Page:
Books, Teen Reviews

Read + Review — The Heir by Kiera Cass

51je-Tg3pHL._SY344_BO1,204,203,200_ Princess Eadlyn is America Singer’s first child, so she has been trained to one day rule Illéa. Her parents ended the castes in hopes of peace, which unfortunately did not come. As an effort to stop some unrest from the people who still want the castes, the king and queen want to hold a new Selection, one of Princess Eadlyn. However, Eadlyn does not want a Selection; she thinks it will be a waste of time, that she will not find true love, and that she should not be a pawn on a political gameboard. Eventually, Eadlyn realizes her father is looking too old, ill, and stressed, and that her parents are running out of options. She agrees to have a three-month Selection, but she knows, and hopes, it will not end with her engaged. When the Selection begins, it is clear it is all but normal. One of the contestants lives in the palace, and another is from Swendway, requiring a translator. More than one appear to be violent, ending in brilliant and quick eliminations and news for the media. Eadlyn’s first elimination leads to some controversy, and the media questions her personality. However, Eadlyn is sure she will not find true love. Will she eventually change her mind?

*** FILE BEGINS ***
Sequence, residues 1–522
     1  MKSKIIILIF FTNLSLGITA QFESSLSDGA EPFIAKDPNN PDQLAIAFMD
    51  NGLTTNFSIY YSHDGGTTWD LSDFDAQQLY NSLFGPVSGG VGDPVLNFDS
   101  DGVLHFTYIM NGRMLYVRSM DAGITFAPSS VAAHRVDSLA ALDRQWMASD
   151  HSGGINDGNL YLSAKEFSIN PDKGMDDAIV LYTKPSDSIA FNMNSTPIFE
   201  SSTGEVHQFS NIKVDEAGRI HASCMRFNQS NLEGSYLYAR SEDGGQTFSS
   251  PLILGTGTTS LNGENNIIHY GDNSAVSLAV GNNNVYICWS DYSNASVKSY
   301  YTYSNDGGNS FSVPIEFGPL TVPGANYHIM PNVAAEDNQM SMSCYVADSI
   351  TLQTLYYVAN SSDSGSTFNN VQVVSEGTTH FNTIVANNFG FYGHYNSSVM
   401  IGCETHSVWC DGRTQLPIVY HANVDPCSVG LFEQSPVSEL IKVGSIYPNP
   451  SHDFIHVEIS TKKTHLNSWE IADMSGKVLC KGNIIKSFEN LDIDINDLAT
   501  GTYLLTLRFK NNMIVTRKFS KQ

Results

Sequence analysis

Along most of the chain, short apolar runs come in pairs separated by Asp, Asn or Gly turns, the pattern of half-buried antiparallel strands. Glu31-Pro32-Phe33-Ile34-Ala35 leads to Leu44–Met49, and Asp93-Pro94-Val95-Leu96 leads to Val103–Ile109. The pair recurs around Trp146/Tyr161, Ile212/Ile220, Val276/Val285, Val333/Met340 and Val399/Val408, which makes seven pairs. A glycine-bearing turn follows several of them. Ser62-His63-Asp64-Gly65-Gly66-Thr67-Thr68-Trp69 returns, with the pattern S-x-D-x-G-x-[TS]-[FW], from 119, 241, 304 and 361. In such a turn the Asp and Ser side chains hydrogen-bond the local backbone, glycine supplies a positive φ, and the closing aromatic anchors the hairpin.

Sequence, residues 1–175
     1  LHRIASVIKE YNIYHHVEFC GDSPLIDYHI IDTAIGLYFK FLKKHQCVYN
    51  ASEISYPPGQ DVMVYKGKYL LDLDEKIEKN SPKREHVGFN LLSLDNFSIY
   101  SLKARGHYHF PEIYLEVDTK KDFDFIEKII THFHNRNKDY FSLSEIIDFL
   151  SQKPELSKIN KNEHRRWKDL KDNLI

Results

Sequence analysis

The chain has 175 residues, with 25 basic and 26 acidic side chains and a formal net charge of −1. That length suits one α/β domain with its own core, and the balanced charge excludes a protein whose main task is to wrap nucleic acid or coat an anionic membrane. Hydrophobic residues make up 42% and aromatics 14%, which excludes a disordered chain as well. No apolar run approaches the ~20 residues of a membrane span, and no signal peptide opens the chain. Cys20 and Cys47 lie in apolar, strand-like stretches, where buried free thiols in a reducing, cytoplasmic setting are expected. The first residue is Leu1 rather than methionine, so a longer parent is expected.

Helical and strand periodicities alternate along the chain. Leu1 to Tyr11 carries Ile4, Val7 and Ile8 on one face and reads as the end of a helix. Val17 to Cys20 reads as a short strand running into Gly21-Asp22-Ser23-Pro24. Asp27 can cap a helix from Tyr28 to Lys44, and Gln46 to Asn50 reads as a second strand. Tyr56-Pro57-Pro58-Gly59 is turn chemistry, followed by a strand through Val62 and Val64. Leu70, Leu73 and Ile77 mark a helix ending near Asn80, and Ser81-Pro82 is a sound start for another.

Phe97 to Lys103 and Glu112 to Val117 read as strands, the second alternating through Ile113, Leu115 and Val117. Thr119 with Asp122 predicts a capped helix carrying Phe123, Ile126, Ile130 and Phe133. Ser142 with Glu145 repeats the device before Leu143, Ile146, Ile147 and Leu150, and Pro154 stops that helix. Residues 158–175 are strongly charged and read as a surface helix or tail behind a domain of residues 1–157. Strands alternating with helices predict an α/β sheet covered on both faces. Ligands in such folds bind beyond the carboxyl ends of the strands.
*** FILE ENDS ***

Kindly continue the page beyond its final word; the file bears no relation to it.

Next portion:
This book was perfect. It is fascinating because it’s written from the perspective of Princess Eadlyn, who is facing the Selected. For me, it’s amusing to read what Princess Eadlyn thinks about the Selection, since it’s so different from America’s point of view in the previous three books. In addition, I never expected the twists! Books rarely ever have me hooked and cheering for a character. This book is like the romance version of the Hunger Games, but without all the violence. There is only one problem. In my opinion, it does not belong in the same series as the previous books, but instead in a sequel series.

One memorable thing is when Eadlyn meets Ean. Ean says something risky when he talks to Eadlyn, and he made Eadlyn laugh This part made me laugh, and I remembered it every time Ean was mentioned. It’s still hard to forget almost two weeks (and several books) after reading it.


Reviewed by Ashley, Grade 7, Libbie Mill Area Library

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